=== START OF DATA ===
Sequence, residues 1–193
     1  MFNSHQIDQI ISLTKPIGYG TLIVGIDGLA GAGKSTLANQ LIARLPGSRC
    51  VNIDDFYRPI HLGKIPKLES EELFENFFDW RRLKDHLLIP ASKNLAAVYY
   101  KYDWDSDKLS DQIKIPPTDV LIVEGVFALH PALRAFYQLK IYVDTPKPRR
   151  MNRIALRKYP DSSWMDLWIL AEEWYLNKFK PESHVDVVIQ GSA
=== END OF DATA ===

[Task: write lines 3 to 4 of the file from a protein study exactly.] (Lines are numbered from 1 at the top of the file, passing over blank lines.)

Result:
    51  VNIDDFYRPI HLGKIPKLES EELFENFFDW RRLKDHLLIP ASKNLAAVYY
   101  KYDWDSDKLS DQIKIPPTDV LIVEGVFALH PALRAFYQLK IYVDTPKPRR